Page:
The memorial concludes with sections on the search for justice through the international tribunal in Arusha as well as the local gacaca courts (traditional tribunals headed by village elders).
Upstairs is a moving section dedicated to informing visitors about other genocides that have taken place around the world and helps set Rwanda’s nightmare in a historical context.
After you’ve absorbed the museum displays take a rose (by donation) to leave on one of the vast concrete slabs outside that cover the mass graves. There’s also a wall of names, a rose garden and a pleasant cafe serving good coffee, lunch buffets (RFr3000), snacks and juices that is an ideal place to reflect and gather yourself before facing the outside world again.
Kigali Museum of Natural History
The Natural History Museum in Kigali is Rwanda’s first and only museum dedicated to the natural sciences. It’s not as impressive as your average natural history museum, but visitors can still learn a lot about the country’s flora and fauna, geology and biological history.
Formerly known as the Kandt Residence, it was once the home of German physician and explorer Dr. Richard Kandt. It was Dr. Kandt who founded Kigali around 1908 to be a center of administration for German East Africa. The Institute of National Museums of Rwanda converted the historic residence into a museum in 2008 in order to increase Rwandans’ exposure to the natural sciences as well as to educate visitors from around the world about Rwanda’s biological and geological diversity.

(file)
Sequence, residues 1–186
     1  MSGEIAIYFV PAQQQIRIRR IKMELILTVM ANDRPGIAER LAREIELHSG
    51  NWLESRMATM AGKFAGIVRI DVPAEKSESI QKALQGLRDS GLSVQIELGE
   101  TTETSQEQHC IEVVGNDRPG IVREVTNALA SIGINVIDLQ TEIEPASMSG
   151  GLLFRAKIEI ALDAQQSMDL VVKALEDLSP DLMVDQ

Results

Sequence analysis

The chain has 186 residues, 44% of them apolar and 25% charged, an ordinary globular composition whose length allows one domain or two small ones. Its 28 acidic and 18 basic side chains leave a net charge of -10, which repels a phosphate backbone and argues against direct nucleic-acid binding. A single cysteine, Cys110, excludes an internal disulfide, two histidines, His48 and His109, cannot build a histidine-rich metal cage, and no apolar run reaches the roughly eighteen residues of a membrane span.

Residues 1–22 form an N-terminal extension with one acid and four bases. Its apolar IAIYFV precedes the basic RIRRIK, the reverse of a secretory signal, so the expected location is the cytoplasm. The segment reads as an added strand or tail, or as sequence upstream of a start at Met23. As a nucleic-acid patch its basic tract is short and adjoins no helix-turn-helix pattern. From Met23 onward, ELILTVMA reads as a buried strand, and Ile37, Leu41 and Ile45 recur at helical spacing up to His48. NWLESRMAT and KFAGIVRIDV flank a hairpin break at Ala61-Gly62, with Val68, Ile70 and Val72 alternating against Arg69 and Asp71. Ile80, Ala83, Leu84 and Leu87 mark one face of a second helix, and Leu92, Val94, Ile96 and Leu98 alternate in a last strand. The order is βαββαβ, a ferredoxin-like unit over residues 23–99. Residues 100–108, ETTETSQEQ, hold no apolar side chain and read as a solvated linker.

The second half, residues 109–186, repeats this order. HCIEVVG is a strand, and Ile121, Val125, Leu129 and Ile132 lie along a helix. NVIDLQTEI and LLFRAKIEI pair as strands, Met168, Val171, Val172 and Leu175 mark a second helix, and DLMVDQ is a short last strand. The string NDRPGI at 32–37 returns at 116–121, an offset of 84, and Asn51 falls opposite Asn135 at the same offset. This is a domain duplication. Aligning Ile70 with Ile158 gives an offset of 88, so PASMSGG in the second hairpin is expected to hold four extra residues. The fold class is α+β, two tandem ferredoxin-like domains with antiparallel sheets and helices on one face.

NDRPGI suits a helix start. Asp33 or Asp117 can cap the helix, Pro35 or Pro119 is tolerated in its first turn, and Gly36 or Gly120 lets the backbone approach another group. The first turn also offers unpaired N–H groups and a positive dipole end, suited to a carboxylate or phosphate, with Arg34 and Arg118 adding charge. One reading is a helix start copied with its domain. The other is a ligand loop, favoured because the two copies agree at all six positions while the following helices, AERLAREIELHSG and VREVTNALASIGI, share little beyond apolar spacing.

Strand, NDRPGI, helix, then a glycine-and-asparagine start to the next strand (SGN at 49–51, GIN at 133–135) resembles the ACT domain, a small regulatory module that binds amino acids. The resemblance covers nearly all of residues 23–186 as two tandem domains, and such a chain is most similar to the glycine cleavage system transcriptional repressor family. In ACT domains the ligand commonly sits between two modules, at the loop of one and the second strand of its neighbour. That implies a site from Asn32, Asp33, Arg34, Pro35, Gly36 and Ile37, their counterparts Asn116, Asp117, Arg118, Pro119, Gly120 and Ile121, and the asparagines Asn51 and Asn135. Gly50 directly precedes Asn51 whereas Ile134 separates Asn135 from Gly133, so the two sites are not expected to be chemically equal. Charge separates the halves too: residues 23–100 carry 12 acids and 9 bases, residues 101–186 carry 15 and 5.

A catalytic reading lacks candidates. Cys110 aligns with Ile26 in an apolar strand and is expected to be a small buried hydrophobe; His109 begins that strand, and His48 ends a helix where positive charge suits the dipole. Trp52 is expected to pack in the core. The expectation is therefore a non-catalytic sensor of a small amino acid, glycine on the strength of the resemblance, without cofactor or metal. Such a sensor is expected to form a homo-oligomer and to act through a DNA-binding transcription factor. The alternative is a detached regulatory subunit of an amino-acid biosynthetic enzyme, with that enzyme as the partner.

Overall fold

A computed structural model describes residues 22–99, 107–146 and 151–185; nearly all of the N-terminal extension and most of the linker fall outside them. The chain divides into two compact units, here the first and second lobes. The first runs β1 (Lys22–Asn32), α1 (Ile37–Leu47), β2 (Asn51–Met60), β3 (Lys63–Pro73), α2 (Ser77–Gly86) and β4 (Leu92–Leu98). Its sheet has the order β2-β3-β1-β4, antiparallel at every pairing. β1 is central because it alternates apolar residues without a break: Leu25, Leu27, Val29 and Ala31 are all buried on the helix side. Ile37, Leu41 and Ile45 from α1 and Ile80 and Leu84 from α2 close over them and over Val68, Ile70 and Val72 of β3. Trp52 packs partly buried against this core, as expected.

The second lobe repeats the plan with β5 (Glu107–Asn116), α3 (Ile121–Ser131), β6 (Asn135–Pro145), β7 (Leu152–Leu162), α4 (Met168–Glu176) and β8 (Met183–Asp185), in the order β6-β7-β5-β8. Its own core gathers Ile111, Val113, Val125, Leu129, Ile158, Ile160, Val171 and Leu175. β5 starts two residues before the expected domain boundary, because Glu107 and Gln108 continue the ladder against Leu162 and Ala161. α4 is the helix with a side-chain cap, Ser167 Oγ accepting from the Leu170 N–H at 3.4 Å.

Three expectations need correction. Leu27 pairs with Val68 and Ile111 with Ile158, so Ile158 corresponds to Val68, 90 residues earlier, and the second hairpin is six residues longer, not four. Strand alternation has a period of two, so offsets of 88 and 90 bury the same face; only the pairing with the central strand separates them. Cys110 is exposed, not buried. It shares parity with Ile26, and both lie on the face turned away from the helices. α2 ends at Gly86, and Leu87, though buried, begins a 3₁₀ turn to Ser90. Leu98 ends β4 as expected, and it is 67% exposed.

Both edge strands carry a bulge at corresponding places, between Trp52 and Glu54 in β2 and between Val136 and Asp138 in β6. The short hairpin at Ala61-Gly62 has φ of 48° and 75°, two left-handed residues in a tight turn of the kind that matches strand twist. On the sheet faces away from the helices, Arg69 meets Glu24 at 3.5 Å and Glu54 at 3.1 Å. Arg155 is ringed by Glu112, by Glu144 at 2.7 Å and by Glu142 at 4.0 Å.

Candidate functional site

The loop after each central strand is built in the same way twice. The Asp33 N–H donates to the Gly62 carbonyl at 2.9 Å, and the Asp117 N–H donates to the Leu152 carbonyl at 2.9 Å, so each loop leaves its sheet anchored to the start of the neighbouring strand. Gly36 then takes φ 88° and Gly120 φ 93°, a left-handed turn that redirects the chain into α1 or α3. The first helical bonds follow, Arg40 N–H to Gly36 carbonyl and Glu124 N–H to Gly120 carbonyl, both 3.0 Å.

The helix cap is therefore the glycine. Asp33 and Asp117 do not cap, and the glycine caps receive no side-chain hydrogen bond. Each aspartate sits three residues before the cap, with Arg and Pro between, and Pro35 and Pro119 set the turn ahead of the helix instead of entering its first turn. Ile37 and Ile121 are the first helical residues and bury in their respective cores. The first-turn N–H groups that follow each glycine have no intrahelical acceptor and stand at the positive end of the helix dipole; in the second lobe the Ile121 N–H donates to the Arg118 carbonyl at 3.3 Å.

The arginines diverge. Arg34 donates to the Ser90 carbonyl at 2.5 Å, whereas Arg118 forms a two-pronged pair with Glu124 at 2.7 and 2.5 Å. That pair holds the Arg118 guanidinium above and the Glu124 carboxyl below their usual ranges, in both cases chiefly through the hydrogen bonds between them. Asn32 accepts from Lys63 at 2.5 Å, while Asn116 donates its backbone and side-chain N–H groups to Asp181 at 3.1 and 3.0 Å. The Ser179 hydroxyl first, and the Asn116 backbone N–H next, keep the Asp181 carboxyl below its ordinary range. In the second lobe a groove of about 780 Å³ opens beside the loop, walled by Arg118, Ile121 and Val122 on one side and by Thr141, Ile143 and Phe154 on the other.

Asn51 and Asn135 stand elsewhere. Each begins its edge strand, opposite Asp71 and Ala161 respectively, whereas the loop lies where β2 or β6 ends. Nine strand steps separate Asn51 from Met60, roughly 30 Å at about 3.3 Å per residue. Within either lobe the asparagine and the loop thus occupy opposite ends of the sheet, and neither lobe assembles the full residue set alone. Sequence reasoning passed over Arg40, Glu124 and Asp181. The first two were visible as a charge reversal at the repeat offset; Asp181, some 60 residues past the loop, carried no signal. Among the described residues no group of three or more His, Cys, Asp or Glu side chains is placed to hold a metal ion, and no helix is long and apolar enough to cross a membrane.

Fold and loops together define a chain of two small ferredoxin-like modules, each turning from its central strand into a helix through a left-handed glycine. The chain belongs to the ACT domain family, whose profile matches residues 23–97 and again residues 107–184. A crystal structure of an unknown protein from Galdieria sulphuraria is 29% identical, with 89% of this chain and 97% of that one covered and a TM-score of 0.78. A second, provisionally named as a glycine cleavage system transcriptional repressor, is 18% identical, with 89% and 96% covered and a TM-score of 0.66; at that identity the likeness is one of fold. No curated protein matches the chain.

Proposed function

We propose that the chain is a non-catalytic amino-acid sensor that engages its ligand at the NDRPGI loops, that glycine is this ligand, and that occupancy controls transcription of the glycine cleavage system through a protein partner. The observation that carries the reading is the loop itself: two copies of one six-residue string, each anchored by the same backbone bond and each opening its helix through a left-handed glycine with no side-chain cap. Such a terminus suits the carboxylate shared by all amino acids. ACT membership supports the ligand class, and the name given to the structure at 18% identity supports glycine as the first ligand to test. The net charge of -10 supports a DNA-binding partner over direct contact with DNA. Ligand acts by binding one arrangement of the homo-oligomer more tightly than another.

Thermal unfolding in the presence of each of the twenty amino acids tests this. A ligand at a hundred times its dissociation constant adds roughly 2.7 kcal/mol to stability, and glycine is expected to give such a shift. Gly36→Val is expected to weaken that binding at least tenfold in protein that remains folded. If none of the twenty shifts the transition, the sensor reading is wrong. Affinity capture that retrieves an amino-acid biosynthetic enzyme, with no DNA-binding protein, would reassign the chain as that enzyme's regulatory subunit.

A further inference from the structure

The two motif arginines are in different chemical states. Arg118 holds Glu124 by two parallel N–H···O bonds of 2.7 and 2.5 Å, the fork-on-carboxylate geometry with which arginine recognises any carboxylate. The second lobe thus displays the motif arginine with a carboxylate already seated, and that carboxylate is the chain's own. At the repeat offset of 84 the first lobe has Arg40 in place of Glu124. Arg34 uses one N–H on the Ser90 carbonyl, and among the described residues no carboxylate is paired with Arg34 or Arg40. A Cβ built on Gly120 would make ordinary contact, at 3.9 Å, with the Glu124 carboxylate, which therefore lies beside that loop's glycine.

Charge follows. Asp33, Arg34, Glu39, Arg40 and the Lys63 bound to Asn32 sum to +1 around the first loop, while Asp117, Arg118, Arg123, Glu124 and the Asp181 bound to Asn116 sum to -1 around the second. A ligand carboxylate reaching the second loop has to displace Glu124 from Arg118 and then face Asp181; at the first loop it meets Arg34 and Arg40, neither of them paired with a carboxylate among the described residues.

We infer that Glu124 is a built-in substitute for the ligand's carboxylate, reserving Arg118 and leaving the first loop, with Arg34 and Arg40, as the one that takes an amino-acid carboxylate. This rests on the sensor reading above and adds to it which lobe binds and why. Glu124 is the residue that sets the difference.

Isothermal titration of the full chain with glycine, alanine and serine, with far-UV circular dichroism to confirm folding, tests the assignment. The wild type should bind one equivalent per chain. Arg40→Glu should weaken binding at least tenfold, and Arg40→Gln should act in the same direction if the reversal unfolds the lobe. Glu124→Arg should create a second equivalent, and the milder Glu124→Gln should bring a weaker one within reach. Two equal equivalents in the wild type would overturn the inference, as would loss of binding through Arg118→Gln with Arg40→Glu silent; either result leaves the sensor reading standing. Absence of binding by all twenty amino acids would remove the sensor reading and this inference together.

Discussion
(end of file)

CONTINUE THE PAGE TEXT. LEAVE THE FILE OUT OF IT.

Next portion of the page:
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Best Time to Visit
Visiting Rwanda for gorilla tracking can be done all year round. The best time to travel to Rwanda is during the drier seasons, periods between December to early March and June to September. December to March is a long dry season for Rwanda, with temperatures going up to 29 degrees Celsius for some days while the months of March – Mid May, July to September, on the other hand, are regarded as the rainy in the country
|Best time to go:||December to February and June to July (Dry seasons)|
|High Season:||June to September (More people visit Rwanda since it is the peak time for gorilla tracking)|
|Low Season:||March, April, May, October and November (A number of camps and lodges close)|
|Best Weather:||Mid-December to February (Less rainfall)|
|Worst Weather:||Mid-March to May and mid-August to November (High rainfall, roads can become impassable)|
Tailored Rwanda Safaris That Include Kigali City
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Other Destinations in Rwanda
Rwanda’s renowned Volcanoes National Park is home to mountain gorillas and golden monkeys. The park encompasses 4,507m-tall Mt. Karisimbi and 4 other forested volcanoes. In the southwest is Nyungwe National Park, with ancient montane rainforest that’s a habitat for chimpanzees and other primates.